Crispy Braised Pork Shank with Quick Kimchi at Girl & The Goat ($25)
This is definitely one of the more original expressions of kimchi I found. Chef Stephanie Izard at Girl & The Goat tosses shaved butternut squash, shiitake mushroom, and sorrel with Korean chili paste, miso paste, and fish sauce to make a quick kimchi (she'll be the first to admit that it isn't fermented). On top of complementing the large Crispy Braised Pork Shank ($25), the marinading liquid is also finished with butter to create a kimchi-flavored buffalo-style sauce for dipping.
Kimchi Jjigae at Cho Sun Ok (stew; $7.50)
The Kimchi Jjigae from Cho Sun Ok is a modest classic. This one-pot dish is customarily prepared by using the more advanced (read: fermented) kimchi that's been hanging around the house for awhile, along with whatever else one feels like adding. This version includes tofu, glass noodles, scallions, and beef. Like most traditional Korean meals, it is accompanied by a plethora (9!) of side dishes, including a small bowl of the 'younger' kimchi. The smell alone is intoxicatingly pungent (in a good way), and spoonful after spoonful, one gets hit by spicy, sour, and salty all at the same time. This dish is a true kimchi lover's paradise.
Pork Belly and Kimchi Sliders from GT Fish & Oyster ($4)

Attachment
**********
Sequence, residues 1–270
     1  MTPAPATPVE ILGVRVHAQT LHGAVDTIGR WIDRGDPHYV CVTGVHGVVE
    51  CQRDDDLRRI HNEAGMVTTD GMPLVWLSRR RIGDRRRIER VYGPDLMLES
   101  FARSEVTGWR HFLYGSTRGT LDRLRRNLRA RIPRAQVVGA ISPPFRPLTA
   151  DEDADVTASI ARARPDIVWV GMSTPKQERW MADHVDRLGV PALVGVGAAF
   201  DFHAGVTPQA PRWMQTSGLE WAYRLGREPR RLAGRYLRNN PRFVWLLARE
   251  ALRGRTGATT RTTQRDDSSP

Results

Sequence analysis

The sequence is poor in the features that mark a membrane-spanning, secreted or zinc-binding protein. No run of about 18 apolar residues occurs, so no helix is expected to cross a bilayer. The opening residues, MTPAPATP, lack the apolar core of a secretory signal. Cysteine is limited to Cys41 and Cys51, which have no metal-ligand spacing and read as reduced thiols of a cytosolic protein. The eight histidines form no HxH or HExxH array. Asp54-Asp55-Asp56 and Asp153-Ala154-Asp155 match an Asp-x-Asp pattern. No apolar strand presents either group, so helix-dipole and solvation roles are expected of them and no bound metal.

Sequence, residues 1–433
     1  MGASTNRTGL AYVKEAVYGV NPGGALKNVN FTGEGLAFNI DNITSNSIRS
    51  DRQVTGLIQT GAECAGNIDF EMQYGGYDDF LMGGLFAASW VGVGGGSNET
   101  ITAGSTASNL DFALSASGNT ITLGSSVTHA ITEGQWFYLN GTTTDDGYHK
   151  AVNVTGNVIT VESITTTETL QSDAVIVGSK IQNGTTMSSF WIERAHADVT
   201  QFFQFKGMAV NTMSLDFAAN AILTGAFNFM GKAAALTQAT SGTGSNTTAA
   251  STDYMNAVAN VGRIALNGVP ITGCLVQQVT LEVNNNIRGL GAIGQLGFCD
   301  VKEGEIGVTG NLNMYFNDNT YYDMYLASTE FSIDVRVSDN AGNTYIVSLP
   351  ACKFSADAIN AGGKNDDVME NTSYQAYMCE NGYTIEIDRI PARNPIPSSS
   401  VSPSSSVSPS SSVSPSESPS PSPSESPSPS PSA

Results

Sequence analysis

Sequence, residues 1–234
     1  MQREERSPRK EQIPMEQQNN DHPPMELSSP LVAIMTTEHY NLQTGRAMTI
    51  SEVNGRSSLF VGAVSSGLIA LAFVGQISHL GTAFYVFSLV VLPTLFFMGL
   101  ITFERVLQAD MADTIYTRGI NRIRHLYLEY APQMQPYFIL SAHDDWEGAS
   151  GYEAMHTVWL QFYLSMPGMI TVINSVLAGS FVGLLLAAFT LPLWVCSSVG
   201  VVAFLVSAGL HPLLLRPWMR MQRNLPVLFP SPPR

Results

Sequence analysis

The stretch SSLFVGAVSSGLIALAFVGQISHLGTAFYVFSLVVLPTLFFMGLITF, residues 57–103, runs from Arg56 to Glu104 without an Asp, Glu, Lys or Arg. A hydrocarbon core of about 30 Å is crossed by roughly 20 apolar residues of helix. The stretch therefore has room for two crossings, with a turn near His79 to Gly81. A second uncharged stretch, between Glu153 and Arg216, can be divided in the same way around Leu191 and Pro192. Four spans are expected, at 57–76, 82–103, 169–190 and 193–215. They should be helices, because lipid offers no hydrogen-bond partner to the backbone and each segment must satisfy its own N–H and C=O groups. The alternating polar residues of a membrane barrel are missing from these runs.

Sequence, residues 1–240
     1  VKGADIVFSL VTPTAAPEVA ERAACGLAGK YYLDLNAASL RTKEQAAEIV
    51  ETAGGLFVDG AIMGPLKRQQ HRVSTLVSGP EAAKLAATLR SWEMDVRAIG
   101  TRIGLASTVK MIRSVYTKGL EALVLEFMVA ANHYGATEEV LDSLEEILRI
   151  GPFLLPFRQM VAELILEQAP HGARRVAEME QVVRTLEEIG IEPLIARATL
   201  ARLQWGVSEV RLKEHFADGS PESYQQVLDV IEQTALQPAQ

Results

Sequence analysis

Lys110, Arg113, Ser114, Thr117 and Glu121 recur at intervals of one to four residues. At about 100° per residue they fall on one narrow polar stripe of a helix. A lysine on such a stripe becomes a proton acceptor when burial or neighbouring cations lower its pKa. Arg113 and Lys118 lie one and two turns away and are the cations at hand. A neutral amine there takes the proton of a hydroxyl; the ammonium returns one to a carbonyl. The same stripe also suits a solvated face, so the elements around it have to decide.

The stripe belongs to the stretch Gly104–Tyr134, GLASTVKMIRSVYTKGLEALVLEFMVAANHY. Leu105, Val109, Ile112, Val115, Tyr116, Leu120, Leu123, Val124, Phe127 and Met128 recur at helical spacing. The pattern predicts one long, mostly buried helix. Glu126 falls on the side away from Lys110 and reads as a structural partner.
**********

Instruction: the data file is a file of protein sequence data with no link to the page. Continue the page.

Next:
Pork belly and kimchi ≣ peanut butter and jelly. I can't tell you how many times I've seen chefs combine pork belly and kimchi—not that I blame them. What better than the sharpness of the kimchi to cut through the fattiness of the pork belly? At GT Fish & Oyster, they sandwich this delectable duo between a buttery slider bun and finish it with crushed peanuts. For something so small to taste so good, it's no surprise that they goes through upwards of 3000 Pork Belly and Kimchi Sliders ($4) a month. On top of that, if you happen swing by the restaurant in the evening, they also prepare fried oyster sliders, too.
Yook-Gae-Jang [No. 16] from Joong Boo Market ($7.50)
Ordering food from the snack bar located within Joong Boo Korean Market (a.k.a. Chicago Food Corporation) is definitely a no-brainer. In my opinion, most dishes merit a try, but the spicy beef and veggie soup (Yook-Gae-Jang [No. 16], $7.50) is an approachable dish that really hits the spot. With plenty of braised beef, glass noodles, and scallions, the unctuous and mildly spicy broth is seasoned with Korean chili paste and flakes—the same used to prepare the two accompanying house-made kimchis. Lucky for you, if you're not a fan of braised beef, countless other dishes come with sides of kimchi. On top of that, if you're so inclined, walk into the grocery section and grab a jar (or in my case, a vat) to satiate all your late night kimchi cravings.